Return of the metaphorical machines

Jan DeGrass/Arts and Entertainment Writer / Staff writer
September 13, 2013 01:00 AM

Artist Geoffrey Smedley in his studio with one of the metaphorical machines that represents the human brain.

They loom large in the high-ceilinged studio of artist Geoffrey Smedley on Gambier Island - four metaphorical machines, created in a nearby workshop by Smedley's own hand.

He's milled the metal, cut the gears, turned and polished shiny tubes on a lathe, carefully crafted each complex machine. They are more than sculptures. They are built of aluminum or stainless steel, they move, causing interesting sounds, and they have electrical power passing through bundles of wires that operate lights and lasers.

Outside in the shaggy, forested courtyard of Smedley's home that he shares with his artist wife Brigid, giant wooden crates have been discarded. They were necessary to return the machines from their recent exhibition, June to August, in Montreal at the Canadian Centre for Architecture.

"It was a well received show," said Smedley modestly.

One Montreal Gazette critic noted that it was "one of the best and most mind-expanding exhibitions I've seen this year."

It's not Smedley's first show. Throughout his stellar career, he has shown work around the world at many major galleries, including an important show at the Vancouver Art Gallery in the 1980s. He studied at the Slade School of Fine Art in London, was a professor at the University of British Columbia from 1978 to 1992 and lectures internationally.

Each of the four pieces has a name - or not so much a name as a concept. Escapement captures attention immediately since it tick tocks or pulses like a clock, and the movement of the gears is hypnotic. Time is a medieval concept, Smedley tells me. That simple comment is worth a day-long discussion in itself.

Another machine, Logos, is quiet now following its return to Gambier, but it usually involves laser light beams within a complex wooden structure. It is about memory, about remembering and forgetting.

Will is about chance, perhaps even a game of chance, and it looks not unlike a roulette wheel. It's a good example of Smedley's sense of humour that happily offsets his academic penchant.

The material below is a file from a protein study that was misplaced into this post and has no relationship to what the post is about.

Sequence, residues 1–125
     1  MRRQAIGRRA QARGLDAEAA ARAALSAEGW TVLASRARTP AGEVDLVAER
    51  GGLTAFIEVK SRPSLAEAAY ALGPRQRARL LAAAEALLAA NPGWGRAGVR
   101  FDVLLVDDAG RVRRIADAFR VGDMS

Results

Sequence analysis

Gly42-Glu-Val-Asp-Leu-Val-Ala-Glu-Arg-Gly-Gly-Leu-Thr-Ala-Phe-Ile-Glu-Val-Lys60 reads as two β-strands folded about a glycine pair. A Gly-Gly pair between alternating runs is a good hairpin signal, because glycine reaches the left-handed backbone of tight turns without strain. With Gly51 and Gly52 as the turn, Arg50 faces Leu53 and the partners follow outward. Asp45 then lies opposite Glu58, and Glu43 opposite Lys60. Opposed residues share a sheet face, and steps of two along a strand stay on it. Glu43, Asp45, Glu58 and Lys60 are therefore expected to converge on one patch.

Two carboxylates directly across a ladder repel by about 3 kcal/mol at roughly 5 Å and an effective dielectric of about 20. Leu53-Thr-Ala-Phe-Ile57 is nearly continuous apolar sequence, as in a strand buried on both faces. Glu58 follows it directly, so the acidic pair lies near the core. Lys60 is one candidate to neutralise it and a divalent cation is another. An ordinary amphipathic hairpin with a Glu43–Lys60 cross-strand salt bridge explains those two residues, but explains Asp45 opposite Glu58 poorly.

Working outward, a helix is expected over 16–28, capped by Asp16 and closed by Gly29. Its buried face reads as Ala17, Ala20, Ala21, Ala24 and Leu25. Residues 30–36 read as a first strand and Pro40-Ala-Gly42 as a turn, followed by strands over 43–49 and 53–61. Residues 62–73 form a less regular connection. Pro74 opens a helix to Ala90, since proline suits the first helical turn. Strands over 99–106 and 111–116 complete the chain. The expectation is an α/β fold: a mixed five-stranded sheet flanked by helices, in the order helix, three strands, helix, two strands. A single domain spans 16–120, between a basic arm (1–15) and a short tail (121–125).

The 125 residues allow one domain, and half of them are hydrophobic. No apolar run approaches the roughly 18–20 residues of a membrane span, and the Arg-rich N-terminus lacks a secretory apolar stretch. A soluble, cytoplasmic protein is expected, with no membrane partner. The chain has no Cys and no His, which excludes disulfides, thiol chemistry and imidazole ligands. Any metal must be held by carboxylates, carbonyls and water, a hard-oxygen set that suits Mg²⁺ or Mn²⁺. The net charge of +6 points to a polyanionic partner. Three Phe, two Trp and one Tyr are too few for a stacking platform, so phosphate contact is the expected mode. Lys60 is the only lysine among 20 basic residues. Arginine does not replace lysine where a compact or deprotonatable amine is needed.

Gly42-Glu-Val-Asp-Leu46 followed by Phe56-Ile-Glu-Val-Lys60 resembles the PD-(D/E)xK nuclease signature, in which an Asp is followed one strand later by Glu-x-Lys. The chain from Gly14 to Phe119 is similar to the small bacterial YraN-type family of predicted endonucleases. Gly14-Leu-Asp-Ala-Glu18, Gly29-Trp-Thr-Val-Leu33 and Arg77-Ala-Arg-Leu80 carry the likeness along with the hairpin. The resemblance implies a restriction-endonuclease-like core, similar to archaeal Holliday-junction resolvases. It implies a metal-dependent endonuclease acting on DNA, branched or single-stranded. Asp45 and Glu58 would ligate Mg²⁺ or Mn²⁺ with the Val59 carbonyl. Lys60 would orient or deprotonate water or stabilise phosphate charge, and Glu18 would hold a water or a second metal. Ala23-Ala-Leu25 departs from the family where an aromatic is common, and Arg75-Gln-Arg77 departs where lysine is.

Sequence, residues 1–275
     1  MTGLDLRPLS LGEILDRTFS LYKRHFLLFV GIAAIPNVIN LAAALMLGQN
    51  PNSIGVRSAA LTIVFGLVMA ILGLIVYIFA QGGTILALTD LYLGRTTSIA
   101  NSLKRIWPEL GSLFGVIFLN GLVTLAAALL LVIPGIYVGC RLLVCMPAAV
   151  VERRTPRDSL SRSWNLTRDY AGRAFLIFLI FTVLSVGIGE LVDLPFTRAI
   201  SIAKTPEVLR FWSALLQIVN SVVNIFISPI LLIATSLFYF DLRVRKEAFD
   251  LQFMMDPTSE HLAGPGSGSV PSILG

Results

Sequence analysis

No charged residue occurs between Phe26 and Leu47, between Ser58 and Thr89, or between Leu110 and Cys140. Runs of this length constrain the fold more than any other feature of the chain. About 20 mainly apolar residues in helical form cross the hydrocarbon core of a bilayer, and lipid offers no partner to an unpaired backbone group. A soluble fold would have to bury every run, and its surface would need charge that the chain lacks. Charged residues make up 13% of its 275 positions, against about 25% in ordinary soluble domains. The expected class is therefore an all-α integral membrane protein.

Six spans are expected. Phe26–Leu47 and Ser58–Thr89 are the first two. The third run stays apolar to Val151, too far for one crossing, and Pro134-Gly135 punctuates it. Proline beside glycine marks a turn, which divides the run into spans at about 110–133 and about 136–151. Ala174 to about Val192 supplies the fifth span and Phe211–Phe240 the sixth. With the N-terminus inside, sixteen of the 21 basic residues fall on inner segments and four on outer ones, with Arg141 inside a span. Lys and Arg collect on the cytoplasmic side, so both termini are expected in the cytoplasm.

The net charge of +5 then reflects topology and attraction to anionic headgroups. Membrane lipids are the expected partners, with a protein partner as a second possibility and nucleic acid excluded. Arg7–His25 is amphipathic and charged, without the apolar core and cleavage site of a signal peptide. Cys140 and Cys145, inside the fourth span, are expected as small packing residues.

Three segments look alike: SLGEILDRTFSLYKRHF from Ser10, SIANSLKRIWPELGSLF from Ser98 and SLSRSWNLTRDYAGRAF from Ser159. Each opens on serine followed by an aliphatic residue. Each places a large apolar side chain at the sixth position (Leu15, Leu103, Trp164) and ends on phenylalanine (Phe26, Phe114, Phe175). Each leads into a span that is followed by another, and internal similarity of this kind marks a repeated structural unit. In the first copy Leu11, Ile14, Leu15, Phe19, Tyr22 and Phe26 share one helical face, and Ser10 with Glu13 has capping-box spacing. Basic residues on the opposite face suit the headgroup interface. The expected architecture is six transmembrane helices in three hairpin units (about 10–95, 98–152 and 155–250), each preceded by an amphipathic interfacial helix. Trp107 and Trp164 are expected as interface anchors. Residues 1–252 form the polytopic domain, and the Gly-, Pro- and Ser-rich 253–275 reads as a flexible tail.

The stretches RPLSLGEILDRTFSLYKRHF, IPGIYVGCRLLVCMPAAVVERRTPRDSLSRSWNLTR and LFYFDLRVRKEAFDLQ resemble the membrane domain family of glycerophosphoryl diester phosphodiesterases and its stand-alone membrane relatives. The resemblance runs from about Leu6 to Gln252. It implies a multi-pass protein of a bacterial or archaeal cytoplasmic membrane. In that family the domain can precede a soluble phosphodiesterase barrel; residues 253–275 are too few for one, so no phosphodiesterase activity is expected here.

In the long hallway that links Smedley's studio with the living quarters resides Spine, the backbone of a person, and at its head, a representation of a brain. Smedley's real brain is a rich and complex mine of information in which philosophy and mathematics blend harmoniously with art and comedy. In any one conversation around any of his works, Smedley might reference French philosopher and mathematician René Descartes or German philosopher and author Martin Heidegger.

"I make things to answer certain questions that float around in my head," Smedley said.

Answers can come in a technical form to be translated into machines, or in a poetic or philosophical form. Humans are capable of all of these - perhaps all at the same time. And besides, the root of the word technical, techno, is Greek for art or skill, Smedley points out.

The scope of Smedley's work is more thoroughly accessed in a recent publication that accompanied his exhibition. Dissections, a work written by Smedley with the assistance of a kind of avatar he refers to as the clown, or Descartes' clown, has been published by Coast artist Diego Samper (Samper Ediciones). His respect for Smedley's work shines through. The two met years ago after being introduced by another artist and Samper assisted with photography, documenting the growth of the machines.

"It's a very important work, one of a kind," Samper said.

The book will reach more people than an exhibition; they hope to launch it in Vancouver this fall, followed by an event on the Sunshine Coast.

The machines will likely not be at the event since it takes a lot of help from Smedley's associates plus a crane truck to move them off the island, but their creator will be present. Perhaps that's all that's needed.

© Copyright 2015 Coast Reporter


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